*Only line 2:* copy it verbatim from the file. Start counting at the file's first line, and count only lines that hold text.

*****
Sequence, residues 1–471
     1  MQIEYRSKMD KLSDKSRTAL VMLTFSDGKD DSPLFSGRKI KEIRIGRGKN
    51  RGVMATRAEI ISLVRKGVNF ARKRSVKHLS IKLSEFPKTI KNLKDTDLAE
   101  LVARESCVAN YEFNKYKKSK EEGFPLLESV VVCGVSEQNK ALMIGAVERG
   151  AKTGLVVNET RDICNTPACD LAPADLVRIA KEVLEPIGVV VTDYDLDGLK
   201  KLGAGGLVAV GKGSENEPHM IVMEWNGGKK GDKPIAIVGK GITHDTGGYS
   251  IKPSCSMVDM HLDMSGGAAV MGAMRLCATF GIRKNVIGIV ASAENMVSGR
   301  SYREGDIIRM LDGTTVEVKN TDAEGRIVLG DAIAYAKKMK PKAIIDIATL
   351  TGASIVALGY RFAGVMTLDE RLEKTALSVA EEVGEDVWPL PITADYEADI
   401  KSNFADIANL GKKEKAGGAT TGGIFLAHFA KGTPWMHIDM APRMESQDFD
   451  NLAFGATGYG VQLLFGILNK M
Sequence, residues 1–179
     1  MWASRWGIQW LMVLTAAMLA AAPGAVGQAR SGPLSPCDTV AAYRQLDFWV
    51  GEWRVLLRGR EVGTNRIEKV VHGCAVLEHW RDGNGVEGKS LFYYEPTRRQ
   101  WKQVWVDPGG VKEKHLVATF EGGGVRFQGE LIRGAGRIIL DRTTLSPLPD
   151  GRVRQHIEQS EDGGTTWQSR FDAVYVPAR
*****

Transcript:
     1  MQIEYRSKMD KLSDKSRTAL VMLTFSDGKD DSPLFSGRKI KEIRIGRGKN